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Monday 12 July 2010 6.20pm
Today I went into Tesco @ Cleethorpes to buy 50 of wines and spirits to qualify for 5p off my petrol.

I was surprised to find that all the adverts re the offer in store had been removed, so I asked six members of staff if the offer was still on. The results were three all. I then asked a cashier and she verified the offer was still on.

As a retired marketing man I found this to be very odd and not the best way to attract customers to spend 50 on goods.
Tuesday 13 July 2010 9.03pm
John, don't lose any sleep over it. It's a sign of the times which, sadly, seems like it's here to stay. I'm an old dinasaur who began his working life back in a time when you were paid to do your job properly, otherwise, you were out. No umpteen verbal warnings, no umpteen written warnings; just out. These days it's the total opposite. There exists an inocompetent's charter. I could write a book on incidents which, in my day, would not have been tolerated by either the customer, or the employer.

Some recent examples.
1/ My wife bought an electric iron from Curry's a few months ago. Within a month it stopped working. We took it back under the guarantee and they told her to choose another iron. The only one she liked was ten pounds cheaper and so they gave her a voucher to that value to be used within twelve months. It was a little wallet with 'Curry's' printed all over it, which my wife placed in her purse. A few weeks later we needed an extension lead and so we went off to Curry's, armed with our ten pound voucher which had not been out of my wife's purse since the day she was given it. When we handed over the little wallet, there was no voucher inside. The earlier member of staff had omitted to enclose it. Thanks to that person's incompetence, we didn't have a leg to stand on. So I forked out 9.99 for the extension lead. In a perfect world my wife should have checked the little wallet before she left the store, but placing a voucher in a wallet isn't rocket science, is it?

2/ One of my daughters has discovered a penchant for 'Rekorderlig,' a Swedish cider which is becoming very trendy and which is available only in a few places. Via the internet she tracked down a source and ordered a case of the apple variety for her forthcoming birthday party. (They make at least three varieties, which include pear and rasberry, but she only likes the traditional apple.) It arrived today, just as I was on my way out. I left the box in the hall and when my daughter arrived home from work and began to unpack it, she discovered that it contained the pear variety, which she doesn't like. Again, not rocket science, just another examle of a simple task that some people find difficult to get right.

I've saved the best 'til last and I apologise for the fact that I've mentioned this one before on another thread.
Late last year one of my daughters was given a verbal apponintment at our local hospital for a kidney scan and was told that it would be confirmed in writing. When the letter arrived it gave a different date. I was prepared to accept the written version as gospel, but something told me to double check. When I did so I was told that the letter was wrong and the verbal version was right. How can that work?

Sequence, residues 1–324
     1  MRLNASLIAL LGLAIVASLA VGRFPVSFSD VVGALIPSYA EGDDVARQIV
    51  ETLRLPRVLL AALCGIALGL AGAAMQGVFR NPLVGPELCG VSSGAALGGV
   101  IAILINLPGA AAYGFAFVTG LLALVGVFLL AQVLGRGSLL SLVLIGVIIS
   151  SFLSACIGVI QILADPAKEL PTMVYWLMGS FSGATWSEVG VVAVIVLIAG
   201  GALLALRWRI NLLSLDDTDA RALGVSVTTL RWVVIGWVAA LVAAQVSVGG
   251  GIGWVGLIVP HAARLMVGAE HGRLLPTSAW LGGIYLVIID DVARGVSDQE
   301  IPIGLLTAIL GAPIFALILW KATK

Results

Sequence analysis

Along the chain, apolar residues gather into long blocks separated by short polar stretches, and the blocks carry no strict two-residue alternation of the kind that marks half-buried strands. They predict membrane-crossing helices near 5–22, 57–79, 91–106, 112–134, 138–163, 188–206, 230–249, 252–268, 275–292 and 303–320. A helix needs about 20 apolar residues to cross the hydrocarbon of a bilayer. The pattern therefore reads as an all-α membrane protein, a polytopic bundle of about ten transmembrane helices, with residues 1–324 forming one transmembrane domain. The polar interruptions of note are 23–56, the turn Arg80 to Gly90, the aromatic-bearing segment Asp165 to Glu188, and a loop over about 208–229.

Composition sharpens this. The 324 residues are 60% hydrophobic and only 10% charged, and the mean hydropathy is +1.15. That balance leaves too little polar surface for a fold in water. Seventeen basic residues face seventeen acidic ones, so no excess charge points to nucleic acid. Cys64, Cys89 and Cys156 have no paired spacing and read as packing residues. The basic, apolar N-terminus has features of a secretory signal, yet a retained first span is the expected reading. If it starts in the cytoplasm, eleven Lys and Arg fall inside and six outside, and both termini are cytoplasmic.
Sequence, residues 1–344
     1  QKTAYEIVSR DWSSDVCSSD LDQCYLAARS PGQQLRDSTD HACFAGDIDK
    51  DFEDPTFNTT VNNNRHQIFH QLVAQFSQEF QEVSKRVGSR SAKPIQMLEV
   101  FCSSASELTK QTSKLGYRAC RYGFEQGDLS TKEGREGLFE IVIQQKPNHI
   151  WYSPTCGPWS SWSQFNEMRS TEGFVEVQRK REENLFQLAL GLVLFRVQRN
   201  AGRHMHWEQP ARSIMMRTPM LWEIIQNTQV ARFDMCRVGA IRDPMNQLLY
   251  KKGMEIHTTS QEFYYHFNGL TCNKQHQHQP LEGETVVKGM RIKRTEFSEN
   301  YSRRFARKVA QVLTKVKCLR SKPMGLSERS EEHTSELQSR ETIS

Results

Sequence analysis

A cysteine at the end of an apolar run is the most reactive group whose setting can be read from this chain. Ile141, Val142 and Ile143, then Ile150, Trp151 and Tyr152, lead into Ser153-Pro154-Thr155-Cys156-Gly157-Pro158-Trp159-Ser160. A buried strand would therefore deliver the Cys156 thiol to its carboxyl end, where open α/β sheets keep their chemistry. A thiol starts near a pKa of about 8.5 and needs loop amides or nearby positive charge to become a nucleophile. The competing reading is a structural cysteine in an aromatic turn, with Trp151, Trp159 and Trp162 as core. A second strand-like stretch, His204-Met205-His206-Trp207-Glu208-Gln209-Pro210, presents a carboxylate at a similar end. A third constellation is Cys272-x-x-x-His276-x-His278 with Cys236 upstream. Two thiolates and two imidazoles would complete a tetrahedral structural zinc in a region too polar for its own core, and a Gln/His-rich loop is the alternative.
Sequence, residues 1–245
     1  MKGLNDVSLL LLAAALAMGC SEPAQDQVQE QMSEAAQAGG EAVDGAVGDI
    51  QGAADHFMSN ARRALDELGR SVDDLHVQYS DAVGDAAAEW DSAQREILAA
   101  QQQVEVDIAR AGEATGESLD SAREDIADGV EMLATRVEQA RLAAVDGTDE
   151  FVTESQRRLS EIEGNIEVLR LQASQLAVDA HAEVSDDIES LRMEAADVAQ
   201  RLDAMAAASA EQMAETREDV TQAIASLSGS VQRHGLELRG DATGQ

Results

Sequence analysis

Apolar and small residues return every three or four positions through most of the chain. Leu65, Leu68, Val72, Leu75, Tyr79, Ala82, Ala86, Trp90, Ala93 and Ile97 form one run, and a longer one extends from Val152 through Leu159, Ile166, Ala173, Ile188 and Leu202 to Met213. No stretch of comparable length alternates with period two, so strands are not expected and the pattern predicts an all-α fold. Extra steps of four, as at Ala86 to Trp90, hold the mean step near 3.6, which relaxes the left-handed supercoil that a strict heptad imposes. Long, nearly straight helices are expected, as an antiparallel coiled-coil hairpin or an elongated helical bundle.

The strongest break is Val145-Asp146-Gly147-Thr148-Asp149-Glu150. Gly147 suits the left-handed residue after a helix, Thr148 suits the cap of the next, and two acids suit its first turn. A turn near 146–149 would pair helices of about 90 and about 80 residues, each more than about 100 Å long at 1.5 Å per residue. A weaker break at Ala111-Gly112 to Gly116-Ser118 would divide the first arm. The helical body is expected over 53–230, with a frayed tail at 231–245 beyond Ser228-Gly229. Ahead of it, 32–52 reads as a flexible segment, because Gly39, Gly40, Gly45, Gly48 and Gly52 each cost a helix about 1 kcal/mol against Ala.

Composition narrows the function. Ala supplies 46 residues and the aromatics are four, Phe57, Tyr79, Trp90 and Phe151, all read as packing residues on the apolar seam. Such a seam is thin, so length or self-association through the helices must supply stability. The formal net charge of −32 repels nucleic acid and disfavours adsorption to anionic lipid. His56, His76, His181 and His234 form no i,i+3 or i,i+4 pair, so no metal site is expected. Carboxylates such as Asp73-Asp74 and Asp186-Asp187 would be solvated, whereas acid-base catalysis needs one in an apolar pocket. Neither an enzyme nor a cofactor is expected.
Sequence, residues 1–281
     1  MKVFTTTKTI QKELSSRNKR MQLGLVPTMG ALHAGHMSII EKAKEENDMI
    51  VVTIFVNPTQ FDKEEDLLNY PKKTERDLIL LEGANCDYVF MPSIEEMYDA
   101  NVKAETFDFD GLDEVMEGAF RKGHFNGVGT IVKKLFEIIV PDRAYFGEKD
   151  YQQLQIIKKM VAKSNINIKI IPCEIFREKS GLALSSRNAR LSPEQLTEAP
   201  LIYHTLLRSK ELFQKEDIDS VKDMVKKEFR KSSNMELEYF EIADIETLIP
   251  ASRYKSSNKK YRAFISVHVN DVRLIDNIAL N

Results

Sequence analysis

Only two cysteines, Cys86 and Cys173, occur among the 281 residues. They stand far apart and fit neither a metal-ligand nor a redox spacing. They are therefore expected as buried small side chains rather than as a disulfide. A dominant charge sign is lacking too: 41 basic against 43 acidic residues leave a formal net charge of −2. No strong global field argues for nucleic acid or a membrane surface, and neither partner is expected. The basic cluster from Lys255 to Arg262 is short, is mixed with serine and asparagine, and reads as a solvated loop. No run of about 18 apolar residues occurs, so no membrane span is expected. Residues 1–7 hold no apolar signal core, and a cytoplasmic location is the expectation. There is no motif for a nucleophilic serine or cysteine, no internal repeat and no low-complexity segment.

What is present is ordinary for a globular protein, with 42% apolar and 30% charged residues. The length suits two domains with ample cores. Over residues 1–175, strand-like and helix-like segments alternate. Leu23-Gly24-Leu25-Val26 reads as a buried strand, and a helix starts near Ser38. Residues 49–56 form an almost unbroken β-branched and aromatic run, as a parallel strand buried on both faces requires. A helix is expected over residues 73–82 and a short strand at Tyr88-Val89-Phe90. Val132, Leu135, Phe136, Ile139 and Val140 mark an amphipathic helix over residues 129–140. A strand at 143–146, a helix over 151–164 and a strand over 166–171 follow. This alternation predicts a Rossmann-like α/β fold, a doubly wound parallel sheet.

Only a few weeks later my other daughter had an appointment at the the opthalmic departmenet at the same hospital. She'd had a writeen confirmation, but this was then changed, in writing, for the following Saturday. My daughter took a day's leave in order to keep the re-arranged appointment, but when she arrived she was told that her appointment had again been changed, back to the original date. My daughter explained that she had recieved no notification of this, but she was told, quite blandly, that as the consultant was not there on that day there was nothing they could do. So she came home. I phoned the hospital on the following Monday to complain about both incidents, but they made it as difficult as possible for me to do so, saying they required written and verbal evidence of all that had transpired. This, of course, we had not retained because, (call us old fashioned,) we expected it all to be straight forward.
Thursday 15 July 2010 11.45am
The other case of cider arrived this morning. Can't knock the promptness of their delivery service but, man oh man, can they get anything right at that depot? I made sure I opened the case to check that it was the right variety this time and the delivery man stood at the door while I did so. I lifted one of the bottles up and, hoorah! It was apple. The right variety this time. Except, there was a bottle missing. They had sent a twenty-bottle case, but it contained only nineteen bottles. I counted them twice and then got the delivery man to count them. Sure enough.....nineteen bottles. My daughter came down stairs because she'd heard the door bell, (It's her day off,) and I told her the problem. She phoned the company and they said the simplest thing would be to keep one of the bottles of pear to make up the number. I would have thought the simplest thing would have been to get it right in the first place!

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